Eeragh is a sea light on the northernmost extremity of the chain of Aran Islands. The 31 metre high tower guides traffic into the North Sound of Galway bay.
As mentioned in the text on Inisheer, Eeragh came about as result of pressure from The Galway Harbour Commissioners to replace the 1818 Inishmore tower with lights on the north and south approaches to Galway bay. By late 1853, George Halpin Snr recorded that the two lighthouses, constructed from the local crystalline limestone, were at second floor level and the adjoining dwellings were near complete. It was first exhibited along with Inisheer in 1857. Originally, it’s day markings were white with two red bands, but in 1932, this was changed to white with two black bands.
It’s only a short crossing to Inishmore, but the waters can be treacherous and especially in rough weather, the keepers could be stranded for long stretches of time. As late as 1968, a generator set was first being installed to provide domestic power for the keepers. About the same time, boat reliefs were replaced by helicopter sorties originally operating from Clifden and now from Rossaveal.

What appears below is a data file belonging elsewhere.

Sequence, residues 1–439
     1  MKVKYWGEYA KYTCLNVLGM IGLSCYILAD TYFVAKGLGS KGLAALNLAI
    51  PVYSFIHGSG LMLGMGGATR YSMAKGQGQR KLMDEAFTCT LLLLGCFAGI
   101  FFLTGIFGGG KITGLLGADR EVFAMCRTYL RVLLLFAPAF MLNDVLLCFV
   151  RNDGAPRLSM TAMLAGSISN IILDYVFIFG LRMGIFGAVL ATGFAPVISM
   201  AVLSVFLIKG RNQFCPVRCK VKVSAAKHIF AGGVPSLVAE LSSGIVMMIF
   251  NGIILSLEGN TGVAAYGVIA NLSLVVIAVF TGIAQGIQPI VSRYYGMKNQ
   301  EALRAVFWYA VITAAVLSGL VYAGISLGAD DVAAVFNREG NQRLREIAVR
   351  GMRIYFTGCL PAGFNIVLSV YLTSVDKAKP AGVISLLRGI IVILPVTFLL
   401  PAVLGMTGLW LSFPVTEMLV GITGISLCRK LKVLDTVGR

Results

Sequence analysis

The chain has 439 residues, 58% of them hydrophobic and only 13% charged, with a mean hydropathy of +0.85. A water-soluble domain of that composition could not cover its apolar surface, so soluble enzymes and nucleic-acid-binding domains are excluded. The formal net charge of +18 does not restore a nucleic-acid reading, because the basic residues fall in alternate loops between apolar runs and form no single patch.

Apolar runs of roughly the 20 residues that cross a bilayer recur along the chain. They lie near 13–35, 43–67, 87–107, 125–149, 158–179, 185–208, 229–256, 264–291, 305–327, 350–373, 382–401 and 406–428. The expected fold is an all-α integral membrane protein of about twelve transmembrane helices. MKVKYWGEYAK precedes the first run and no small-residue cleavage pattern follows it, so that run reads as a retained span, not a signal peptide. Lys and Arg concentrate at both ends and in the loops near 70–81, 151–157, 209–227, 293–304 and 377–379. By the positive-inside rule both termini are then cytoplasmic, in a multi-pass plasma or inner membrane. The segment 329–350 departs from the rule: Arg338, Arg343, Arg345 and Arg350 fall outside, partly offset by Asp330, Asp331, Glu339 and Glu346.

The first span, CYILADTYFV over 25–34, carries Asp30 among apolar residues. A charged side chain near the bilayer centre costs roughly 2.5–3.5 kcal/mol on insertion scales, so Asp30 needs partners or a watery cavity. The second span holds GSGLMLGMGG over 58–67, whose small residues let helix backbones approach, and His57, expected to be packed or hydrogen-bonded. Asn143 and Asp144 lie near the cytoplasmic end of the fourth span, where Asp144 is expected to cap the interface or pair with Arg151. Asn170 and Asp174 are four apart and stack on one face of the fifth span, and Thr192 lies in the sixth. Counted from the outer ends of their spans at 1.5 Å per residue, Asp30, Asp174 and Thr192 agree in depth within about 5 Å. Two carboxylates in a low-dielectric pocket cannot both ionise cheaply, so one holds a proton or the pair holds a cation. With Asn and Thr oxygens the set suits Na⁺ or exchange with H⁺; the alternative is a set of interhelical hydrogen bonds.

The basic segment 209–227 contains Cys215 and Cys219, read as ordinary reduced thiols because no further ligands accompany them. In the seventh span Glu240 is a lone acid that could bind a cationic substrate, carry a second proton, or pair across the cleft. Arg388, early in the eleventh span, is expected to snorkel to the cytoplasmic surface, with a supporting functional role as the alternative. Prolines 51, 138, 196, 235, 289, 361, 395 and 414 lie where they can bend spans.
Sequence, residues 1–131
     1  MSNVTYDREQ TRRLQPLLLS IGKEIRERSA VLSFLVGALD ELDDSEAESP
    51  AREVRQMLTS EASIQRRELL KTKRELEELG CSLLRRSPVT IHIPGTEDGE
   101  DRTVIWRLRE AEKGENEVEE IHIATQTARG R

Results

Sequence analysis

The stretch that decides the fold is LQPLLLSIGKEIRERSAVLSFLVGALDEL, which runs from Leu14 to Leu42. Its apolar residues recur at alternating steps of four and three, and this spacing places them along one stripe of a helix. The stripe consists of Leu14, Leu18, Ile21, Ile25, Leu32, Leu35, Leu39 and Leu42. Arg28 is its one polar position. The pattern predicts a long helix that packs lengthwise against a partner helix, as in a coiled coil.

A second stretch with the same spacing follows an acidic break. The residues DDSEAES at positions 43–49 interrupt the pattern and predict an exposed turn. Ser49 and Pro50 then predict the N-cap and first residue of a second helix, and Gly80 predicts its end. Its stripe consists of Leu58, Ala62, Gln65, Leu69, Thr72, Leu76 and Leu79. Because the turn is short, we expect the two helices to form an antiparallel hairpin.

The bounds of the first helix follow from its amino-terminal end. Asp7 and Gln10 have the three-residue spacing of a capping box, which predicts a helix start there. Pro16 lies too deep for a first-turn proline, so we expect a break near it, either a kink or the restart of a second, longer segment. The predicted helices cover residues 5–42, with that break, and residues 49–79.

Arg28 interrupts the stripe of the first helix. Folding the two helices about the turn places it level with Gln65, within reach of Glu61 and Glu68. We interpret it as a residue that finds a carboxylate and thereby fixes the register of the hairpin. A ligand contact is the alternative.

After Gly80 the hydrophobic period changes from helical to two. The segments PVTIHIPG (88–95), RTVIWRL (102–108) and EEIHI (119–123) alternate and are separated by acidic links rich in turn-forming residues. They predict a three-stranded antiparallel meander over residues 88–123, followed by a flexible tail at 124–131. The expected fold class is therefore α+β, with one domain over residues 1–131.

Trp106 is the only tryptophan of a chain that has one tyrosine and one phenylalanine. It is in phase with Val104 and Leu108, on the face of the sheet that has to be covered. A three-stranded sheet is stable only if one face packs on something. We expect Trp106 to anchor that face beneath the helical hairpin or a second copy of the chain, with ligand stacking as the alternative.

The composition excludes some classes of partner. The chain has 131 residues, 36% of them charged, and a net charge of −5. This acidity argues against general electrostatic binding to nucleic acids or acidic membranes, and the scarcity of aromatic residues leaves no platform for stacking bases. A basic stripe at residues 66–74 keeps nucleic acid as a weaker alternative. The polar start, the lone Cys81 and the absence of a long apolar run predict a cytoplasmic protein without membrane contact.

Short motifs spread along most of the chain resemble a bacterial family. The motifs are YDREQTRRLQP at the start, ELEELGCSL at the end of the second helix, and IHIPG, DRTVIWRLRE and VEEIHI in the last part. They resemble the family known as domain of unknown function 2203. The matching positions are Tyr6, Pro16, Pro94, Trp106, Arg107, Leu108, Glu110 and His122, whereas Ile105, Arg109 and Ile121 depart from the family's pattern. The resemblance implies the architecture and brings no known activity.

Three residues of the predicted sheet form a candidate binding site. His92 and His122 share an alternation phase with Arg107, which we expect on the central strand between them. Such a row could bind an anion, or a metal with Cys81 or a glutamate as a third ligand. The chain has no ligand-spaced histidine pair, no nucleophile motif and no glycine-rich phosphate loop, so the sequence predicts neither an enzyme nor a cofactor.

John Ford’s movie, the Man of Aran is remembered fondly for among other things, the sight of basking sharks feeding off the Aran Islands. Early summer is the time of year to catch sight of these migratory leviathans and the waters around Eeragh and are good place see them. Growing up to 8 metres long, basking sharks are the second largest fish alive today. They migrate along the world’s temperate waters and—while not quite rare—are an exceptional treat to see in Irish waters. Despite being part of the shark family, they’re not at all aggressive and are harmless to humans.
Automation of Eeragh took place in June 1978 and on November 2006 the light was replaced by a solar powered light with a reduced range of 18 nautical miles.
Location: 53°08.909′ North, 09°51.402′ West.
Elevation: 35 metres
Character: Fl W 15s
Range: 34 nautical miles
As anyone who has visited the Aran islands will attest, it’s not just the amount of bare rock, but the gigantic slabs of karst that seem to have been sheared from a larger formation that impress. It’s as if the icebergs and ice shelfs of the Antartic were made of limestone and had drifted north.
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